With reference to the Atomic Energy Commission, consider the following statements:
1. Atomic Energy Commission oversees the safety of all nuclear installations that have not been demarcated as military
2. Atomic Energy Commission is directly answerable only to the prime minister
Which among the above statements is / are correct?

Answer: [B] Only 2

(Excerpt from “The Power of Promise” by M V Ramana; Penguin UK)

The family of nuclear organizations in the country is headed by the Atomic Energy Commission. The AEC’s role is to formulate the policies and programmes and it is directly answerable only to the prime minister. The actual execution of these policies is carried out by the Department of Atomic Energy. The DAE is the equivalent of a government department but it turns to the AEC to clear all important programmes and projects, as well as its budget requests to the government. Once clearance has been obtained from the AEC, there is no need for separate approval from the ministry of finance.

The space programme has borrowed this structure, with the Department of Space and the Space Commission playing the roles of the DAE and the AEC respectively (N.G. Raj 2000, 286–87). The DAE has, in turn, set up a number of associated or subsidiary organizations. These include five research and development centres, five government-owned companies (‘public sector undertakings’), three industrial organizations and three service organizations (DAE 2010, Annex-I).

The R&D centres that are most relevant to the activities covered in this book are the Bhabha Atomic Research Centre, the Indira Gandhi Centre for Atomic Research and the Atomic Mineral Directorate for Exploration and Research. The three most relevant government-owned companies are the Nuclear Power Corporation of India Limited, the Bharatiya Nabhikiya Vidyut Nigam and the Uranium Corporation of India Limited (UCIL). NPCIL is responsible for designing, constructing and operating the nuclear power plants within the first-stage nuclear power programme, that is, not breeder reactors. Breeder reactors are BHAVINI’s responsibility, and the UCIL is in charge of the mining and milling of uranium.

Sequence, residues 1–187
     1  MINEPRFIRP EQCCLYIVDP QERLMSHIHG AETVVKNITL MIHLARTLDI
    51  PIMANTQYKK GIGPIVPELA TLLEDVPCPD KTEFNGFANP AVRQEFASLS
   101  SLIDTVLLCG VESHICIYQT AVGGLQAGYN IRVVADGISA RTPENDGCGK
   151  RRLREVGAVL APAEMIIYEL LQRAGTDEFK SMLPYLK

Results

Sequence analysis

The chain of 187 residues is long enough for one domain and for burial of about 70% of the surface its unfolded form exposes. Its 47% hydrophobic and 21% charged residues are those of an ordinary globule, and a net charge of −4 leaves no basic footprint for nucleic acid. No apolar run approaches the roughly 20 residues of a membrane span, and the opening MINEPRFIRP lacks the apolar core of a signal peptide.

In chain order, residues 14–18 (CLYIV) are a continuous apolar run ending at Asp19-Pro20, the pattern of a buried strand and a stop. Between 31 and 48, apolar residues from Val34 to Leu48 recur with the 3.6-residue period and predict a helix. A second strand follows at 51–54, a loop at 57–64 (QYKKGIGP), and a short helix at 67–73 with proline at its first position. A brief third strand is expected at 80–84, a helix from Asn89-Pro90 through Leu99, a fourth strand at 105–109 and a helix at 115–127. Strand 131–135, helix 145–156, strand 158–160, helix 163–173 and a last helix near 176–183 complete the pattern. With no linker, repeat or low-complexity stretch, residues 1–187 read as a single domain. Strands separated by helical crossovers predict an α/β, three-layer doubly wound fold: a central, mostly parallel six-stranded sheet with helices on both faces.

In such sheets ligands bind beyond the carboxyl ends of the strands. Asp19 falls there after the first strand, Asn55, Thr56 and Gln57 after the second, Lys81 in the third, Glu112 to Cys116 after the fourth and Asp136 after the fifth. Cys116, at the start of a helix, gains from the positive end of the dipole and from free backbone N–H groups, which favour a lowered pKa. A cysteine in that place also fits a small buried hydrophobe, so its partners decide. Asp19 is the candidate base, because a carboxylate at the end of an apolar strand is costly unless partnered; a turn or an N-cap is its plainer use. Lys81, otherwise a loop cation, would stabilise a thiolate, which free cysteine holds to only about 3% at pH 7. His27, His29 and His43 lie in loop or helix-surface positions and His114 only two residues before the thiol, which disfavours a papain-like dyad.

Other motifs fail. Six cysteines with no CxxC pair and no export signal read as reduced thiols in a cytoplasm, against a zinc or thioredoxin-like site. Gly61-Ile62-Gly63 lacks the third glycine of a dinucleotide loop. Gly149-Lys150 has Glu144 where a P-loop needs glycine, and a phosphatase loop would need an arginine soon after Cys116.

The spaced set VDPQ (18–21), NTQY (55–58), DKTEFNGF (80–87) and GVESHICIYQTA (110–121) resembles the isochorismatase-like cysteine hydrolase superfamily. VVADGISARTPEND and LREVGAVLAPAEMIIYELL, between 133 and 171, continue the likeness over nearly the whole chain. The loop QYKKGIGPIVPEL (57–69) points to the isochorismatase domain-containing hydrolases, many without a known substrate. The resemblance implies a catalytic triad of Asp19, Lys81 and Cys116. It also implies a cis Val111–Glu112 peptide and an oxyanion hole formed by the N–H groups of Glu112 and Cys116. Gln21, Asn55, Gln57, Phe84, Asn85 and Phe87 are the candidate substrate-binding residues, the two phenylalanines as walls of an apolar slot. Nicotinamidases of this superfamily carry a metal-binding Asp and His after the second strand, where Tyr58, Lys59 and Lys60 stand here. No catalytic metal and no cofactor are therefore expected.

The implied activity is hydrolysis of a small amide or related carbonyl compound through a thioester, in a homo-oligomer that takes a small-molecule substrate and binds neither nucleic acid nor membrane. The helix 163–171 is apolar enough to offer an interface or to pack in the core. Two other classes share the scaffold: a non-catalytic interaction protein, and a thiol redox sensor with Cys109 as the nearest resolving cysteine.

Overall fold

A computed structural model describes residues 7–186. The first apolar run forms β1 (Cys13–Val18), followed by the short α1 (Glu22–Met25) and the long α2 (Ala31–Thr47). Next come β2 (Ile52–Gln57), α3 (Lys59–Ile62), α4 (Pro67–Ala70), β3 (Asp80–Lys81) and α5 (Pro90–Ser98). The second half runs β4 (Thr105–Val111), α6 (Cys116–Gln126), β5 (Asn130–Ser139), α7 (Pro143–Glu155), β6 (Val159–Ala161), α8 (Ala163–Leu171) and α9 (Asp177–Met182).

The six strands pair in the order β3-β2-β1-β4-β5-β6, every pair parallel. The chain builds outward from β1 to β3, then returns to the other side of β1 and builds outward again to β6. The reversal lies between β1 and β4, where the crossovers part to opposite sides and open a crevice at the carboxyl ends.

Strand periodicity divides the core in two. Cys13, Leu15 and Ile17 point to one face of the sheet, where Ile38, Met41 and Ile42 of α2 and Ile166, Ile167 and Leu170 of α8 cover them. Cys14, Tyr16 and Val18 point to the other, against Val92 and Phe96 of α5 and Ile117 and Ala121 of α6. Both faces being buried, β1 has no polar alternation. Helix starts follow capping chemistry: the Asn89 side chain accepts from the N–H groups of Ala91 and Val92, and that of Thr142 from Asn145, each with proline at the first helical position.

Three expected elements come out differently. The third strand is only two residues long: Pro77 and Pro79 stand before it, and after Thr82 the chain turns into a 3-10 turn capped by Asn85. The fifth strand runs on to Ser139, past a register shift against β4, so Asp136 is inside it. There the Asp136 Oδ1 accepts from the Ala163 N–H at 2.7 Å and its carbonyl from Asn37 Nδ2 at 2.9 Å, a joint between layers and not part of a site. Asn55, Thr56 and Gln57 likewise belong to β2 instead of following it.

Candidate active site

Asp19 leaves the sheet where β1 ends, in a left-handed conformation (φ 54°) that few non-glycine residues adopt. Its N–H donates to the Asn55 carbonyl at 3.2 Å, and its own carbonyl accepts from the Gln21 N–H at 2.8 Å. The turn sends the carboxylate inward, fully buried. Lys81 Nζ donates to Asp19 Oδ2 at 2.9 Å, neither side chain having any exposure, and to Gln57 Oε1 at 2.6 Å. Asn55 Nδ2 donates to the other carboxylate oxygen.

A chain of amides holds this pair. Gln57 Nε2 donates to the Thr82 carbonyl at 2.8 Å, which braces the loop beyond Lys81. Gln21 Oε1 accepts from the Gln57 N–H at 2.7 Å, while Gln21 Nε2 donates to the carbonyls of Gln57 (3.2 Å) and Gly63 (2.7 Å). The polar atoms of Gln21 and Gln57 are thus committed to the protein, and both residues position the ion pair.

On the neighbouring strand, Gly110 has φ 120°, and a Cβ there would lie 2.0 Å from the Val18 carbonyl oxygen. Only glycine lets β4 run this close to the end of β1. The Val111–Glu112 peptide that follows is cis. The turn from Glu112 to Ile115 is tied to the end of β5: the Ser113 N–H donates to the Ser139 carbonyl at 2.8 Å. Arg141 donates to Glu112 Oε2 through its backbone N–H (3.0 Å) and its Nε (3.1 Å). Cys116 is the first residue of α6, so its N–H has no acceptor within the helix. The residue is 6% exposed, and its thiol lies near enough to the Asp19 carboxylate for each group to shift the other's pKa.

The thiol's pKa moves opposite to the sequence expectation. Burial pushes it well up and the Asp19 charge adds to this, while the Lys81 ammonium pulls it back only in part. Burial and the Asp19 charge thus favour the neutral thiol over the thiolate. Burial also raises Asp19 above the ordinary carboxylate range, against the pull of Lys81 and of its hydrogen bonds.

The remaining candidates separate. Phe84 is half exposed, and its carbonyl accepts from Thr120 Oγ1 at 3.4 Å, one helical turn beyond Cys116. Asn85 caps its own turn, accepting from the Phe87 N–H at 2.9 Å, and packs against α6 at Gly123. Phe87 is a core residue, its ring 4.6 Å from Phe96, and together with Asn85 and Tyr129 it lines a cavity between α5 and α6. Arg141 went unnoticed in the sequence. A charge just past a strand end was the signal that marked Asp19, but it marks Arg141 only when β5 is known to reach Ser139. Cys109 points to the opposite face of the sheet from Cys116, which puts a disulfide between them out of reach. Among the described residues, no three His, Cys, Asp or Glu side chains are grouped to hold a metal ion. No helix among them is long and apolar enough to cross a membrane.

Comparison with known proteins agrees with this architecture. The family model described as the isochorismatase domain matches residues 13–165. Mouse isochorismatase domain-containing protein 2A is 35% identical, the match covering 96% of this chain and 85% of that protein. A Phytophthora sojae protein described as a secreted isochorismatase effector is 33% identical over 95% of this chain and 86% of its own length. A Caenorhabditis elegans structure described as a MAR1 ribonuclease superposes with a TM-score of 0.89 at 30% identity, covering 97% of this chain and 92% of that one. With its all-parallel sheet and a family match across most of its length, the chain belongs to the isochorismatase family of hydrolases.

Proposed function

Industrial organizations include the Heavy Water Board (HWB)—in charge of the many plants that produce heavy water—and the Nuclear Fuel Complex (NFC), which manufactures fuel for the nuclear reactors. In addition to these is the Atomic Energy Regulatory Board (AERB) which is supposed to oversee the safety of all nuclear installations that have not been demarcated as military. The latter category includes research reactors, reprocessing facilities and uranium enrichment plants.

The AERB also regulates other facilities in the country that involve radiation in some way, for example, medical facilities and educational laboratories that use radiation sources. Following the government’s introduction of the Nuclear Safety Regulatory Authority (NSRA) Bill in Parliament in September 2011, AERB is to be replaced by the Nuclear Safety Regulatory Authority.

This question is a part of GKToday's Integrated IAS General Studies Module